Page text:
Five-hundred years ago, the Guarani Indians of Paraguay, Brazil and Bolivia started using the plant Ka’a He’ê — translated to English as “sweet herb” — for consumption and medical treatments.
Today, under the modern name “Stevia,” and thanks in no small part to the efforts of James May and his Gilbert-based company, Wisdom Natural Brands, it is consumption, as a zero-calorie sweetener in particular, that’s currently helping the product see significant worldwide growth.
May first came in contact with Stevia in the early 1980s. He saw the potential of both creating a business and promoting the consumer benefits of the product — used today as a natural alternative to sugar and other sweeteners. He traveled to Paraguay, home to an abundance of the “sweet herb” plants, to pursue his goal.
Thirty-one years later, after many successes — and certinaly a few setbacks, too — May, labeled by some as the “Father of Stevia,” is credited by industry leaders with helping stevia cultivation and distribution become a near $1 billion global industry.
The story of May’s Gilbert-based company, Wisdom Natural Brands, and its connection to Stevia begins long before he was introduced to the plant in 1982.
The Guarani Indians of South America had presented the plant to the conquistadors when who came to their area in the 1500s. In the late 1800s and early 1900s, scientists began studying and determining ways to use the sweet qualities of Stevia as a possible sugar substitute, and by the time World War II ended, many countries — including the United States and United Kingdom were researching stevia as a possible substitute sweetener.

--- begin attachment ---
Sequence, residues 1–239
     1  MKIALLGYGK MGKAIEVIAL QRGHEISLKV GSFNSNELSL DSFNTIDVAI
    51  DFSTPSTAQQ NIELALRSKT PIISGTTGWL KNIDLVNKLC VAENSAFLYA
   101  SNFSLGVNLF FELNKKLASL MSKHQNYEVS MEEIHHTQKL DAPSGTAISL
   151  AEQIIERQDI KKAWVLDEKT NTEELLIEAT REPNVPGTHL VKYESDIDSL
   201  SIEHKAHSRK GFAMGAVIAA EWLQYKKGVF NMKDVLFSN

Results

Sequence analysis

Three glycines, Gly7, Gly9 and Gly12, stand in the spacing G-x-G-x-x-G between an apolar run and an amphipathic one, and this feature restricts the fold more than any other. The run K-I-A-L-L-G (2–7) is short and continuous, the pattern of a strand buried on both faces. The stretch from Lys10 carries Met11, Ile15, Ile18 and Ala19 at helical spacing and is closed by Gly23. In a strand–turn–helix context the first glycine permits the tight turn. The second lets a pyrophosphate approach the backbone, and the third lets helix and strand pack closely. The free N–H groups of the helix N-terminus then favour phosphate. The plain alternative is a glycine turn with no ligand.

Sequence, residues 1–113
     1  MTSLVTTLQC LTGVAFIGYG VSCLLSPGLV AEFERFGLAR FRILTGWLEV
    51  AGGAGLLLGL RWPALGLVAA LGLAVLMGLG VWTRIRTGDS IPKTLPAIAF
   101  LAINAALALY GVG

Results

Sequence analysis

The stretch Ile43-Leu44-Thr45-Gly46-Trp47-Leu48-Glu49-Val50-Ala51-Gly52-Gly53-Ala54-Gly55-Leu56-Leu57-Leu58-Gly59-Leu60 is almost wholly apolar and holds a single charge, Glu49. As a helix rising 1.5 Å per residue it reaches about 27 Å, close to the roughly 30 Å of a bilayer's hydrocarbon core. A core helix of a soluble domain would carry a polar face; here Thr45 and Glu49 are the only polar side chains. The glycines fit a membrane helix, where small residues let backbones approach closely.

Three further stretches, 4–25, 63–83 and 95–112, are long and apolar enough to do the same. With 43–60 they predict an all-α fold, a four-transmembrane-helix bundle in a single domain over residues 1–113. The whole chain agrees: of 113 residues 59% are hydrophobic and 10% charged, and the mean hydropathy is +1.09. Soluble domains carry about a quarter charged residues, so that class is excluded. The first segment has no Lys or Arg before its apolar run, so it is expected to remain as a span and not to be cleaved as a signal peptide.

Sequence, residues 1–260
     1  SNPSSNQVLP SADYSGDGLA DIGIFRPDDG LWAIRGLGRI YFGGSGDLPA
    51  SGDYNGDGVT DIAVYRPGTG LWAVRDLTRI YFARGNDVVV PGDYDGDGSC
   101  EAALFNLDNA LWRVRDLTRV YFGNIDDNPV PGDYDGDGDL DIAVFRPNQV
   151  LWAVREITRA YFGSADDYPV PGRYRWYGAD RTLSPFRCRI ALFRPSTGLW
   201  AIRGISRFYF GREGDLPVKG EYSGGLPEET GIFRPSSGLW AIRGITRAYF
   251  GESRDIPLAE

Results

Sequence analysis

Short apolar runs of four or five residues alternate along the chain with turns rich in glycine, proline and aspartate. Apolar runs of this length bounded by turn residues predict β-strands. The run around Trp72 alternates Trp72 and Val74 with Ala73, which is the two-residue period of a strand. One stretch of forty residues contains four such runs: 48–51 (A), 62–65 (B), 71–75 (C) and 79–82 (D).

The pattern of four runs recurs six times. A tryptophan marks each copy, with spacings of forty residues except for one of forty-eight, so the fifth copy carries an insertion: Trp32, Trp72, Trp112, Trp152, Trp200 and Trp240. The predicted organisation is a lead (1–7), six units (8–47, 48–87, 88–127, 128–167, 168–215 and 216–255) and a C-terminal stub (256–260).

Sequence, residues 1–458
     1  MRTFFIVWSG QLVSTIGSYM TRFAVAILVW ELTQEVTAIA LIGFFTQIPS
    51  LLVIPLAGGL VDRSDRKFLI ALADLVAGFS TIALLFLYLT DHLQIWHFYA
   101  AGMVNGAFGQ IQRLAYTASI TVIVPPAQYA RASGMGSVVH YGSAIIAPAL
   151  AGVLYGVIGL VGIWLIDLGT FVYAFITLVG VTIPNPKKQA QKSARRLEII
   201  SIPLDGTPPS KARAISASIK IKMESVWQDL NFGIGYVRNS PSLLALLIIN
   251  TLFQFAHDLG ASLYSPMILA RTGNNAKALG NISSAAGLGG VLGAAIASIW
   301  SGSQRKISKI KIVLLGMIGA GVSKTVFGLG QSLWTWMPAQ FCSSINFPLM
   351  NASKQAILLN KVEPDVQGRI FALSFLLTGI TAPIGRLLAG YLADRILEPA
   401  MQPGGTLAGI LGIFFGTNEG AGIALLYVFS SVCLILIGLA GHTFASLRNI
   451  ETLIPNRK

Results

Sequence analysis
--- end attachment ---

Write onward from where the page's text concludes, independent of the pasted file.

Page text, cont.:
Japan was also researching the plant, seeing the potential of starting a Stevia industry of its own; by the time May had found out about the plant in 1982, it’s reported that a significant number of products in Japan already had Stevia in them.
Before Stevia entered May’s life he was involved in the field of renal disease, or kidney failure. Long a healthcare executive, May said he’s worked with both the artificial and transplant organ programs at Phoenix’s Good Samaritan Hospital, and has been on the board of directors of the Arizona Kidney Foundation and End Stage Renal Disease as well.
May’s Stevia experience began when, while at a get-together with friends, he met a Peace Corps volunteer who started telling him about the health benefits of Stevia. At first May didn’t believe the story, but the volunteer took out a sample of the plant and gave it to May to taste it. May was surprised at its sweet taste. The volunteer proceeded to tell him about the history and science of Stevia and May became immediately intrigued by it.
May said he saw so much potential in the plant that he decided to use his life savings to travel to Paraguay and start a business.
At the beginning of his new career, May already had a wife and five children; his wife, Carol, remembers the family had to sell almost everything they had during the first years.
“We started selling from our garage and the children even helped by putting labels on the boxes,” said Carol May, a former marriage and family therapist, and now the president of SweetLeaf working alongside her husband.
Bringing back a business
Upon May’s first trek to Paraguay, the issues with turning the sweet herb plant into what is now known as Stevia soon became apparent.
He said he met the ministers of commerce and agriculture before being introduced local farmers and businesses. Unfortunately because there was not much interest in Stevia, many of the farmers had stopped growing the plant and it took much convincing to get them to start cultivating it again.
May said some had even started growing other plants — in some cases marijuana and coca for the drug trade. But by offering them a steady, honest way to continue working, it didn’t take long for many of the farmers to join May’s business venture, he said.